I read that $\ce{CCl2}$ is non-polar. When I read about the reason on the net it stated that $\ce{CCl2}$ has a linear structure, but according to VSEPR theory it should have bent V-shaped geometry. Please clarify.

  • $\begingroup$ Why bother about this compound ? It is not stable. It only exists as an intermediate in some reactions. You will never be able to store it in a flask with label CCl2. So why ? $\endgroup$
    – Maurice
    Dec 25, 2019 at 10:01
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    $\begingroup$ @Sameer My apologies, I misread the compound formula as dichloromethane, so I deleted my comment as irrelevant. Sorry for the confusion, this is a nice question. Have a look at What is the hybridization state of E (= Sn, C) in ECl₂? and the paper Martin refers to in his answer: doi.org/10.1039/b202865d, this should answer your question (yes, CCl₂ is bent). $\endgroup$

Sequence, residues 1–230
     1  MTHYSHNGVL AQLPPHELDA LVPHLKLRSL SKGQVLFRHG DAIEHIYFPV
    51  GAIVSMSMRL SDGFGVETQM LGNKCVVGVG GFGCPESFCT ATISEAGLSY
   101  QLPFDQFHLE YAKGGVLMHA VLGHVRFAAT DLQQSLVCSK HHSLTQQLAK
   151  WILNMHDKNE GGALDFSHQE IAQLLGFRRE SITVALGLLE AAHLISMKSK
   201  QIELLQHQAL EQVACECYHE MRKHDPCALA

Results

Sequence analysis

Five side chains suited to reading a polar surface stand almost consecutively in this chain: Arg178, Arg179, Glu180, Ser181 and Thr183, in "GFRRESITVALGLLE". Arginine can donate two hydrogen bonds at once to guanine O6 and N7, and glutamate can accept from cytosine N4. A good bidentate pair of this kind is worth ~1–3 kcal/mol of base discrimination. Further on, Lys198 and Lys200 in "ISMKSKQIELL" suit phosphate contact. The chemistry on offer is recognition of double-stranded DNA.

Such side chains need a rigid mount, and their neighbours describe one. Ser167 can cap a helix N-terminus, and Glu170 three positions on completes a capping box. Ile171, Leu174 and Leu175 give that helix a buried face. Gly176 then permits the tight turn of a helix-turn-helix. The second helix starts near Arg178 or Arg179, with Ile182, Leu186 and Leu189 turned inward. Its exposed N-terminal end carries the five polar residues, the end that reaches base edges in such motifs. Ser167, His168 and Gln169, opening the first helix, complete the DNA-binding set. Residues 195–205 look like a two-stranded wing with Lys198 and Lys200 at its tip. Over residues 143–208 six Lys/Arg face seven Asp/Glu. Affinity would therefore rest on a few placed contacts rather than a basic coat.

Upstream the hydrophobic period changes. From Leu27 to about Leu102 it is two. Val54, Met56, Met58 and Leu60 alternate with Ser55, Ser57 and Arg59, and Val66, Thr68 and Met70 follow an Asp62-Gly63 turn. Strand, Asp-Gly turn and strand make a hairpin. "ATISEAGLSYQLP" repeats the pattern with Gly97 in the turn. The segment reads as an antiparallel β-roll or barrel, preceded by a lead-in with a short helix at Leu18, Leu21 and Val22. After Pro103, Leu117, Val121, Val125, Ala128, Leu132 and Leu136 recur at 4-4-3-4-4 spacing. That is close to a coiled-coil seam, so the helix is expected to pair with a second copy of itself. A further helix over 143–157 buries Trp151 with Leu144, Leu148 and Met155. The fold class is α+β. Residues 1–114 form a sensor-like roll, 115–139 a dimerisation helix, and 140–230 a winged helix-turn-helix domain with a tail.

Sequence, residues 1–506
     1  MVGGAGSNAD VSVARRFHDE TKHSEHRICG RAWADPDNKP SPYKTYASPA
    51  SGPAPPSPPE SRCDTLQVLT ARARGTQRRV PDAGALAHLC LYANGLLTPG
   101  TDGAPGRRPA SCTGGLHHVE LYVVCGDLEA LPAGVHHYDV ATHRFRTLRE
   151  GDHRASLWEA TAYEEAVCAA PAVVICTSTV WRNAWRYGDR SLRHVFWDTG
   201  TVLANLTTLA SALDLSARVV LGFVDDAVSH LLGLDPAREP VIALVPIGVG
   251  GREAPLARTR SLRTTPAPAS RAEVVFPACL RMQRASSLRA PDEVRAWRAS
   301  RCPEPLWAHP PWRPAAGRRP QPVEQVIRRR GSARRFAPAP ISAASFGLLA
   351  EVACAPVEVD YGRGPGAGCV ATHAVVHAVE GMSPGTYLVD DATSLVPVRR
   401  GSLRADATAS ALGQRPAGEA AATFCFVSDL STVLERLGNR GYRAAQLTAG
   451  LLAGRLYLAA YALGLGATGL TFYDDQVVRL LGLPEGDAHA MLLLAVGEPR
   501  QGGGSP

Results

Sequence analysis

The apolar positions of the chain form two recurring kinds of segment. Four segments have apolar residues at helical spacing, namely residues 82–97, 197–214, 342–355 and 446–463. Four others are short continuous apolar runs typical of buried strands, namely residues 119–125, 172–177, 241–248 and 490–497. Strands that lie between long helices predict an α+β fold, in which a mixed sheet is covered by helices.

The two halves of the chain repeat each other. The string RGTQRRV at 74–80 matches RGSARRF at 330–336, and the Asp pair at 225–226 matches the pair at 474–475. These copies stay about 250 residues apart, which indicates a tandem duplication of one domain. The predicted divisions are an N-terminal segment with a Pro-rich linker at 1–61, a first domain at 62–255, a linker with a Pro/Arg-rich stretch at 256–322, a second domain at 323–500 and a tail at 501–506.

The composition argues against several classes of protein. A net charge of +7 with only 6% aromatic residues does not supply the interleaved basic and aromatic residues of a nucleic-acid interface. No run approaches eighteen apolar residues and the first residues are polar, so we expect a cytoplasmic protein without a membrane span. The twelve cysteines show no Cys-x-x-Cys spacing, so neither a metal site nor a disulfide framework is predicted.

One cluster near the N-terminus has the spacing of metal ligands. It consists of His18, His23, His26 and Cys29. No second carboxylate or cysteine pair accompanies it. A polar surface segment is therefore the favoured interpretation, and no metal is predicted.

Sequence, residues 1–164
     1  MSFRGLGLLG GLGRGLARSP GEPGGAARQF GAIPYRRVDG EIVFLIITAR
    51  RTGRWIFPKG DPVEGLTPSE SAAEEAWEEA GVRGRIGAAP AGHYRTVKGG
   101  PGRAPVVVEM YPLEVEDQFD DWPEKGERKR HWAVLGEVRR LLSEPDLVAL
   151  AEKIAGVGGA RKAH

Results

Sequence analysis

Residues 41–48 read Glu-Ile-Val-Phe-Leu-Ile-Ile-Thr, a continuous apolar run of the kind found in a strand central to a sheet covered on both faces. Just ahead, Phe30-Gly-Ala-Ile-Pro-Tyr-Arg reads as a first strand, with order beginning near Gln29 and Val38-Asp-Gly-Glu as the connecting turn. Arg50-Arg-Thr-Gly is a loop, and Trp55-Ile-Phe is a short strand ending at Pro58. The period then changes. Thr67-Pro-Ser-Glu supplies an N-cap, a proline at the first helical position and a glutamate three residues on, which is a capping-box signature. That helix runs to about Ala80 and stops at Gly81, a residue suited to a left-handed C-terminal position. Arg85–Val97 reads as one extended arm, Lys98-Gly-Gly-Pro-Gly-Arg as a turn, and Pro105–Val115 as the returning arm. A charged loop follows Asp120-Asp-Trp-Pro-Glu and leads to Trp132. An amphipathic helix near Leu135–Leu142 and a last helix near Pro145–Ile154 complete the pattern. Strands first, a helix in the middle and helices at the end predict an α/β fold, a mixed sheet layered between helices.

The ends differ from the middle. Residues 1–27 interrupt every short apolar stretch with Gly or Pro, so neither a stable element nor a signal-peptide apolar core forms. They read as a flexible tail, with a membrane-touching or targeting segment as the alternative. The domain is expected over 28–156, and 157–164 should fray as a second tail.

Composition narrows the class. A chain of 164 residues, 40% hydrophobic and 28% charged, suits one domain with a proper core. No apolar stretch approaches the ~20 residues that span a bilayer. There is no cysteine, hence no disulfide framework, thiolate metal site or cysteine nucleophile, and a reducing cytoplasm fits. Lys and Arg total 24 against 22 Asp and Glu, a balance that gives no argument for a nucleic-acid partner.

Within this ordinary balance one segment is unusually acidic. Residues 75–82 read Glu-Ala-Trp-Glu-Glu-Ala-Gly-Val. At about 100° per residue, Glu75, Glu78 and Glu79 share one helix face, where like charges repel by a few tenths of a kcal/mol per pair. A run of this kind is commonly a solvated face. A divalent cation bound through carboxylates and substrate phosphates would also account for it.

– andselisk
    Dec 25, 2019 at 12:16
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    $\begingroup$ @Maurice "Science isn't about why; it's about why not". $\endgroup$
    – andselisk
    Dec 25, 2019 at 12:18
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    $\begingroup$ VSEPR theory is great, but only up to a certain point. You should probably not use it for "exotic" species like carbenes. Even though it happens to give the right result in this case, that's probably more of a coincidence than anything. $\endgroup$ Dec 25, 2019 at 14:18


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